Fathers going through divorce in Texas often face an uphill battle. Many times fathers have to leave the marital home, end up seeing their children less often, and are usually ordered to pay child support directly out of their paycheck. Fathers are also regularly ordered to have visitation exercised according to the Texas Standard Possession Order.
Exercising a “Standard Possession” order is a substantial decrease in time from seeing a child every day during the marriage or relationship. However, there has been a recent push to provide fathers with more time with their children. The Texas Legislature recently amended the law to expand the time a non-custodial parent can have with their kids if the non-custodial parent lives 50 miles or less from the custodial parent. Fathers living close to their ex have a better chance to maintain a strong parent child relationship with their children. This means it is advantageous for a father to live within a 50 mile radius from his ex so that he can have more time with his kids.
The updated law is found in Texas Family Code §153.3171. This law applies to cases filed on or after September 1, 2021. This updated law provides for expanded possession for parents living 50 miles or less apart. The changes are most apparent during the school year, when the non-custodial parent now has visitation with their children from the time they get out of school on Thursday until the beginning of school the following Monday. The addition of having the kids on Thursday and Sunday overnights (as opposed to just Friday and Saturday overnights under the traditional standard possession order) goes a long way to helping the non-custodial parent have more quality time with their children. Since the non-custodial parent is often the father, this change almost doubles the time a dad spends with his kids during the school year.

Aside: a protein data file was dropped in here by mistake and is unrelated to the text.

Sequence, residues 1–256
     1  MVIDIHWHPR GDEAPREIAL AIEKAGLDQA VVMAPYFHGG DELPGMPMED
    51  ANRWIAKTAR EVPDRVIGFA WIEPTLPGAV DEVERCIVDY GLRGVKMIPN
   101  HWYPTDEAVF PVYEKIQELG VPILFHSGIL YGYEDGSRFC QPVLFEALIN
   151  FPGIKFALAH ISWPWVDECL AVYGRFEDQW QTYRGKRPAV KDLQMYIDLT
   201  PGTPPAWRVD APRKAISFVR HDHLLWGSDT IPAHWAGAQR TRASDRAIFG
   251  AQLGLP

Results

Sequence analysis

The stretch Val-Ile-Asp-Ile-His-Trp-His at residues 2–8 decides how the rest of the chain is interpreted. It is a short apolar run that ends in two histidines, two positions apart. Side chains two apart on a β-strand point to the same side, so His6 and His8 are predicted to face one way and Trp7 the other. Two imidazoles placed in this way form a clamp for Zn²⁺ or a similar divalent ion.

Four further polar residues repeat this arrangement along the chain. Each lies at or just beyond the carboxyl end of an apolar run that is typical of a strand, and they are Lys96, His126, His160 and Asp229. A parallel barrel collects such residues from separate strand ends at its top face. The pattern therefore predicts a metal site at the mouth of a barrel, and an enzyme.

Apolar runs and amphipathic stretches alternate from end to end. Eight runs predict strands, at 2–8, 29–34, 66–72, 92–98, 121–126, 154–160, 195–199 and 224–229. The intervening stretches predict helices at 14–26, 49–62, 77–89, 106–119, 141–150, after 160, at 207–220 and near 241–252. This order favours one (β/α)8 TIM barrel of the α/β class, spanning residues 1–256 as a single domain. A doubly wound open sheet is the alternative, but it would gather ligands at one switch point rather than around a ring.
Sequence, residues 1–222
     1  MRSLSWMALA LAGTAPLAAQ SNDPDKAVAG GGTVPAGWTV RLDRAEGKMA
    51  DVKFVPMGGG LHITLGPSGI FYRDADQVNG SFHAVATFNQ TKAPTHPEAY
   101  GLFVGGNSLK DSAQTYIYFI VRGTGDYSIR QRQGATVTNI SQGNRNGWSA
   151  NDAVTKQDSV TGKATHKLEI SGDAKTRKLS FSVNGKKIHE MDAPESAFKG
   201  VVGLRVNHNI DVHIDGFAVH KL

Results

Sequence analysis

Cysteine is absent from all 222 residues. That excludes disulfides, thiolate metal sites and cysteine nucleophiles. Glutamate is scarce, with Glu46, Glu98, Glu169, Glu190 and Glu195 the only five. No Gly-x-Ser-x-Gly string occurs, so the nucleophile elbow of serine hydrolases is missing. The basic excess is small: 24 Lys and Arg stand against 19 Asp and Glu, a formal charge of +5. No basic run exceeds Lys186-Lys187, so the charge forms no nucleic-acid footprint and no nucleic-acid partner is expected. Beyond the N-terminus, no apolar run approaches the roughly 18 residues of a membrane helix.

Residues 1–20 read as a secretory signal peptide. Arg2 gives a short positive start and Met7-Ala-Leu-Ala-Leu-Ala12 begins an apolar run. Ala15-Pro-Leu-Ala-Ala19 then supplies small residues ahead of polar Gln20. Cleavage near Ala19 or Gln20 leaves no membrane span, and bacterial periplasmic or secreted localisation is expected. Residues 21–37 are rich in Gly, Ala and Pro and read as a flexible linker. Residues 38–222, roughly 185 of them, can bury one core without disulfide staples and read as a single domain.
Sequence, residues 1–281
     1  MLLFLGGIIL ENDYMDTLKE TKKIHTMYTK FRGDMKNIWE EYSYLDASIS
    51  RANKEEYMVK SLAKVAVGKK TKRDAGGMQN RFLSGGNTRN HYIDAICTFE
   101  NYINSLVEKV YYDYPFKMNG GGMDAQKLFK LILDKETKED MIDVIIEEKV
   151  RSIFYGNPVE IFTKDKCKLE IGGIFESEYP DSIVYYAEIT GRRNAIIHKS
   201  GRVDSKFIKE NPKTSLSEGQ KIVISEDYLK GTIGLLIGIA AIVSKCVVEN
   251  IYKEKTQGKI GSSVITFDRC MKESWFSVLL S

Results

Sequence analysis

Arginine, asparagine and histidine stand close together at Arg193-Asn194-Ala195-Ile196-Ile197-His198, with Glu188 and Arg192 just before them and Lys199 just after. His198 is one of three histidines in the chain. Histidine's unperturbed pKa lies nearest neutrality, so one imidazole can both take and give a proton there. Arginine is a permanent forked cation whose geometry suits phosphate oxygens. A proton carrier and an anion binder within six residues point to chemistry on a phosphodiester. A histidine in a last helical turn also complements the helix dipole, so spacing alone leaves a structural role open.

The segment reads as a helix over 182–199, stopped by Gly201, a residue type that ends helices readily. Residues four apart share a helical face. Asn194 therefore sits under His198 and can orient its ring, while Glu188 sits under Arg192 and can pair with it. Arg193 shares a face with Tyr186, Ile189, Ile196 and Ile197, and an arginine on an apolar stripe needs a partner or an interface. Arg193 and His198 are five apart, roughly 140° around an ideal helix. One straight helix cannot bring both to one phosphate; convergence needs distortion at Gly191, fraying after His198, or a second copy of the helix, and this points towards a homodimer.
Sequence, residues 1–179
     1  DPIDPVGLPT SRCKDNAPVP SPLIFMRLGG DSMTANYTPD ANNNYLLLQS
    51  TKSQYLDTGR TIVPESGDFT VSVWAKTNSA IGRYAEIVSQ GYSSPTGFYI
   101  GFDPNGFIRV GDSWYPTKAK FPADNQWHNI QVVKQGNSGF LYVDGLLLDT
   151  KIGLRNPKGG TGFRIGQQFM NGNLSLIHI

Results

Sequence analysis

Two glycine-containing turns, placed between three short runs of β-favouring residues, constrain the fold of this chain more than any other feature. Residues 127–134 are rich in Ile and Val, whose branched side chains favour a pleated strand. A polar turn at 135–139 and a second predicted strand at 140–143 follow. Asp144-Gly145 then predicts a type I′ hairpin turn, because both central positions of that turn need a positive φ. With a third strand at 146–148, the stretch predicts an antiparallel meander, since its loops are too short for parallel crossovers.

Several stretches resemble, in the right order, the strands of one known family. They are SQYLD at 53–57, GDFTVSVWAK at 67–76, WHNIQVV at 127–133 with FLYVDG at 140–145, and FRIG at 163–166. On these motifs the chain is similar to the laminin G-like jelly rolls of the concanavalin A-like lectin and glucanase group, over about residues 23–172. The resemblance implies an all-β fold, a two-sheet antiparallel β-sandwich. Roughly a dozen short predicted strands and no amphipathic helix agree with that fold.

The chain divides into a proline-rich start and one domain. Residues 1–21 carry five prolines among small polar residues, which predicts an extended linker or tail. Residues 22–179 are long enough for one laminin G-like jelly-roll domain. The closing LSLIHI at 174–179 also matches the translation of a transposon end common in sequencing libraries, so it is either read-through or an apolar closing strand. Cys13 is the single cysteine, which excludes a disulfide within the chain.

There are some other minor changes that expand holiday visitation under this new possession order, but the big victory for divorced dads or separated dads will be having their kids more during the school year. Of course, the Court will still apply the “best interests of the child” standard and that could prevent the non-custodial parent from obtaining this expanded schedule. However, in the majority of cases the Court should apply this schedule, most often benefiting the father.
This extended possession schedule for divorced or separated dads living 50 miles or less apart is not mandatory. The non-custodial parent can opt-out of this schedule and keep the traditional standard visitation schedule.
Unfortunately the change in the law is not sufficient to constitute a material and substantial change of circumstance to change a prior court order from the standard possession to this expanded possession schedule. Thus, fathers with a court order mandating the traditional standard possession schedule cannot automatically file a modification lawsuit to move into this expanded possession schedule.
With that said a father should strongly consider living within 50 miles or less from his ex in order to increase his time with his children under the updated Texas Family Code.
For further explanation or help with you divorce or child custody case, contact The Law Office of Rita Dixon at (817) 768-6333.